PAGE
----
Stage IV - Second-Line - Antiangiogenic TherapyX
Bevacizumab is FDA-approved as a second-line treatment in combination with chemotherapy. It is given as an infusion every two weeks. Patients begin taking bevacizumab with chemotherapy and may continue the treatment after stopping chemo as long as the disease is controlled and side effects are manageable.

Ziv-aflibercept is FDA-approved as a second-line therapy for use with a chemotherapy combination (FOLFIRI) to treat mCRC. It is used in mCRC patients whose disease did not respond to, or has come back, after first-line treatment. Patients receive ziv-aflibercept every two weeks through an IV infusion in combination with the chemotherapy regimen. Treatment continues indefinitely as long as the disease does not progress, and side effects are manageable.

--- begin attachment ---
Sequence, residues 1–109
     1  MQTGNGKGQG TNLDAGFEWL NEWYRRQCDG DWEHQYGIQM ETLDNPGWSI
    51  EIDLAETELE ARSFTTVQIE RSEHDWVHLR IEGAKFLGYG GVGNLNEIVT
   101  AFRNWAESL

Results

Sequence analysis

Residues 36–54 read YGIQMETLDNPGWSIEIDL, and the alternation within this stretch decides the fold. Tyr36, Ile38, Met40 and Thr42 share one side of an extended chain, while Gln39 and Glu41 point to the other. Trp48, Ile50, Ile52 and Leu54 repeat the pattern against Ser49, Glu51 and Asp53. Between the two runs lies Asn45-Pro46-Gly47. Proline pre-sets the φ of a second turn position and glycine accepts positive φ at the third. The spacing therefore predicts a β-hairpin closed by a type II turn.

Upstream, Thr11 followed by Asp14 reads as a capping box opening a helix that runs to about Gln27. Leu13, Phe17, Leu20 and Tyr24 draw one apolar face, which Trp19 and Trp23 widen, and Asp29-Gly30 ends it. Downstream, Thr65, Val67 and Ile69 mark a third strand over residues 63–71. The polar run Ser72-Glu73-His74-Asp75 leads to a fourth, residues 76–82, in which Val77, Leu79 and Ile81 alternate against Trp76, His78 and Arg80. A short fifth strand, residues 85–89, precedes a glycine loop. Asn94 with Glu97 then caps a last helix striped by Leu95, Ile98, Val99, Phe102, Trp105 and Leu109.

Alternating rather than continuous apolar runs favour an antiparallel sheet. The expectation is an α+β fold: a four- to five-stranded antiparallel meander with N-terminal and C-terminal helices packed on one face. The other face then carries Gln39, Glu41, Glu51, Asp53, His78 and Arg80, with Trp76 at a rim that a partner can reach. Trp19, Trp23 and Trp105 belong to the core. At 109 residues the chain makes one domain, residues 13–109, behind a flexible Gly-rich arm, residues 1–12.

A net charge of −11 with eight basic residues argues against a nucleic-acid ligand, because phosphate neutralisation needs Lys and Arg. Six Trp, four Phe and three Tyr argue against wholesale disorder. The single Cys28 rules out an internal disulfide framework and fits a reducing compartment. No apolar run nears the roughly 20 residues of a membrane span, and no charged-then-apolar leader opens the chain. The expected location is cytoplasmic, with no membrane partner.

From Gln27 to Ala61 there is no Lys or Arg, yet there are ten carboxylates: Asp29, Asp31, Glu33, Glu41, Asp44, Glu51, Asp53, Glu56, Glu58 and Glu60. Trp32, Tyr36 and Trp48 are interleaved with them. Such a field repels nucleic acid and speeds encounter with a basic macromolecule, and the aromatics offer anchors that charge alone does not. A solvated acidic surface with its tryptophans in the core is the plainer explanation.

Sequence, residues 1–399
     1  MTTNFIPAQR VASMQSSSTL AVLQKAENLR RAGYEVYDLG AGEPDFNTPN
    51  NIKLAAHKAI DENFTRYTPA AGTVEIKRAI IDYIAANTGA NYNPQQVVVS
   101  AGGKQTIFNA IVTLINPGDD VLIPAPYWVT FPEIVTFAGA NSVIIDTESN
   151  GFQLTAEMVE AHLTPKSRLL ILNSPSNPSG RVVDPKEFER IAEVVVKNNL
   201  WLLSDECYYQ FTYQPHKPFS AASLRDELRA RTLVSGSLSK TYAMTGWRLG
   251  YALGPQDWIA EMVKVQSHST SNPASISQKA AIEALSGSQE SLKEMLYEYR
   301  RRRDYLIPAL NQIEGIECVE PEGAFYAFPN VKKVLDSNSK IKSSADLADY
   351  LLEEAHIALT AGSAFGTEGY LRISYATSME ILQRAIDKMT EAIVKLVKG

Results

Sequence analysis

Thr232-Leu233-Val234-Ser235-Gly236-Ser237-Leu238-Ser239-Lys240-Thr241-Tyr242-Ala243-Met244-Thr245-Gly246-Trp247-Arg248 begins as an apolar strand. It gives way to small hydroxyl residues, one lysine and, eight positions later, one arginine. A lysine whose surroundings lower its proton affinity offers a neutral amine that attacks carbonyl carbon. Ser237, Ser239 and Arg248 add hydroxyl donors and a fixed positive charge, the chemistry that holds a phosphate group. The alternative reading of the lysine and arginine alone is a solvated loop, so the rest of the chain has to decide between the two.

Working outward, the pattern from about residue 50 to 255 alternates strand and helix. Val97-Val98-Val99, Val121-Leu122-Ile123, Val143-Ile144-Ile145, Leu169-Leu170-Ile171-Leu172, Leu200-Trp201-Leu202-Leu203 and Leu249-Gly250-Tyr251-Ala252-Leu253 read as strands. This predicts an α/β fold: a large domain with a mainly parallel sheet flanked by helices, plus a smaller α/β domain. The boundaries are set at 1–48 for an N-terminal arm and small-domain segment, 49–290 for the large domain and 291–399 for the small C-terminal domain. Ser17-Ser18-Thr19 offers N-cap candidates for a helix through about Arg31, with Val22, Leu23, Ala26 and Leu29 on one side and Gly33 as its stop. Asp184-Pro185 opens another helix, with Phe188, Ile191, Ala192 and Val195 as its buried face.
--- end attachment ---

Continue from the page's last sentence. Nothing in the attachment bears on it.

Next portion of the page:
Stage IV - Third-Line - Antiangiogenic TherapyX
Regorafenib is FDA approved for treating patients with mCRC that continues to progress or recur after multiple treatments. Regorafenib is an oral medication in the form of a tablet that is typically taken once a day for twenty-one days. A seven-day rest period is taken before beginning another twenty-one-day cycle.
Stage IV - First-Line - Anti-EGFR TherapyX
Two EGFR inhibitors are approved for CRC patients without the KRAS mutation: cetuximab and panitumumab. Both may be used with different chemo regimes.
Stage IV - Second-Line - Anti-EGFR TherapyX
Two EGFR inhibitors are approved for CRC patients without the KRAS mutation: cetuximab and panitumumab. Both may be used with different chemo regimes.
Stage IV - Third-Line - Anti-EGFR TherapyX
Two EGFR inhibitors are approved for CRC patients without the KRAS mutation: cetuximab and panitumumab. Both may be used with different chemo regimes.
Stage II - RadiationX